Communalism legitimised ~ kuldip nayar
One way to give secularism a chance is to punish those who in any way undermine it. The destroyers of Babari Masjid are yet to be punished. In the same way, Mr Narendra Modi has been let off despite 3,000 Muslims having been massacred on his watch
No doubt, the Bharatiya Janata Party (BJP) is less rhetorical than before in its references to Muslims. There can be two reasons for this. One, the party has its eyes fixed on the scenario after the general election in early 2014. It would need the support of secular parties to have a majority in the Lok Sabha ~ the Lower House of Parliament. Any adverse remark about Muslims may cost the party and endanger its chances of constituting a viable coalition.
Two, the BJP feels that it can afford to give the impression of being liberal at a time when soft Hindutva has gripped even Leftist parties. The Congress has been steadily losing its secular credentials over the past few years. If any proof was needed, the Gujarat Assembly election provided ample because the party never touched on the ethnic cleansing that state chief minister Narendra Modi had attempted in 2002 with the help of BJP cadres and the police force during its poll campaigns. The Congress thought that it might alienate Hindus by talking about the killing of Muslims during a crucial election campaign.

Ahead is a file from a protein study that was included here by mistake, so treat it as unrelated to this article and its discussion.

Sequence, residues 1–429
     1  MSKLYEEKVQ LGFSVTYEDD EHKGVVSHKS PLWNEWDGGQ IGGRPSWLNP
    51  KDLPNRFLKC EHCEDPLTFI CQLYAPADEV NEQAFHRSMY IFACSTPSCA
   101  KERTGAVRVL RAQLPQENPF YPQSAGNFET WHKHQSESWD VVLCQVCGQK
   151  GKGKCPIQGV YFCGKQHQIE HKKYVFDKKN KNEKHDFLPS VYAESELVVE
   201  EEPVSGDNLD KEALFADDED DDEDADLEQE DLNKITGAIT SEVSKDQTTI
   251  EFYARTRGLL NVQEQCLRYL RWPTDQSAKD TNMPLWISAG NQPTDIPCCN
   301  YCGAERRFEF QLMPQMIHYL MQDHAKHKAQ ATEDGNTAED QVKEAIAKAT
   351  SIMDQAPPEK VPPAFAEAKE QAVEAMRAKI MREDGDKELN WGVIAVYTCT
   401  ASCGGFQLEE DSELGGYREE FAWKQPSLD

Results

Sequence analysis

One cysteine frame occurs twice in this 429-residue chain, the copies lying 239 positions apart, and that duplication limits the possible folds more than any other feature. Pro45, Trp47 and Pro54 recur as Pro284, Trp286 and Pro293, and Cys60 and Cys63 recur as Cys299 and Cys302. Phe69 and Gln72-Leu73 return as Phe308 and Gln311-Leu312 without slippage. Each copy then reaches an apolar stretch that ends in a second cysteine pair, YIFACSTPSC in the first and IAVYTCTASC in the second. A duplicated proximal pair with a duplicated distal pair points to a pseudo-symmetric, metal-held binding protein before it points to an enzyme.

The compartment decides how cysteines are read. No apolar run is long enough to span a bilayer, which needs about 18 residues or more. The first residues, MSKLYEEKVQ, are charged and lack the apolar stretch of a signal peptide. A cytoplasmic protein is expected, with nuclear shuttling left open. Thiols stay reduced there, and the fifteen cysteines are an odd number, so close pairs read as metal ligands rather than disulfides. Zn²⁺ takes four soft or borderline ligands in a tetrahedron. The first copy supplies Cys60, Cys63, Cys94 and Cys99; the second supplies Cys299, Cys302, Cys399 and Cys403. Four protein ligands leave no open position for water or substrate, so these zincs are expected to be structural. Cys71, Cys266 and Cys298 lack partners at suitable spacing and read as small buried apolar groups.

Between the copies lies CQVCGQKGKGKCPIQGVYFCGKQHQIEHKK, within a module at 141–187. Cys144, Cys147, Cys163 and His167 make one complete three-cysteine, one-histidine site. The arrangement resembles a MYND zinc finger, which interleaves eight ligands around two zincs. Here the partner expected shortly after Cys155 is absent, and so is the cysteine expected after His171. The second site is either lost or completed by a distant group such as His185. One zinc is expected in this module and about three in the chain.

This must have come as a shock to Muslims throughout the country because they vote, by and large, in favour of the Congress. Yet, it must be the biggest dilemma for the Muslim community to find out which party is liberal. The radicalisation of the community is not the answer, as it is happening. This would be used as evidence to stigmatise the community. Muslim terrorism has no chance against Hindu terrorism simply because of the numbers.
I realise that some Muslims, out of desperation, have taken to violence. But this is also the path Hindu militant organisations such as the Bajrang Dal, the Ram Sene and the Vishwa Hindu Parishad want the community to take. The bomb blasts at Malegaon, Ajmer and Hyderabad have proved the guilt of these organisations. Initially, the suspicion was on Muslims ~ as is police practice ~ and young Muslim men were picked up at will. At Hyderabad, they were even beaten by police. But a detailed investigation revealed a Hindu hand.
In fact, the random arrests of Muslim youth are the biggest worry of the community. A delegation, including Hindus, recently met Prime Minister Manmohan Singh to seek a remedy. His promise to take action has resulted in fewer Muslim youth being detained, but the community is far from satisfied. Many young Muslim men are still rotting in jail, awaiting posting of cases for hearing. Worse is the loss of time which could have been utilised for pursuing higher studies or in some useful work.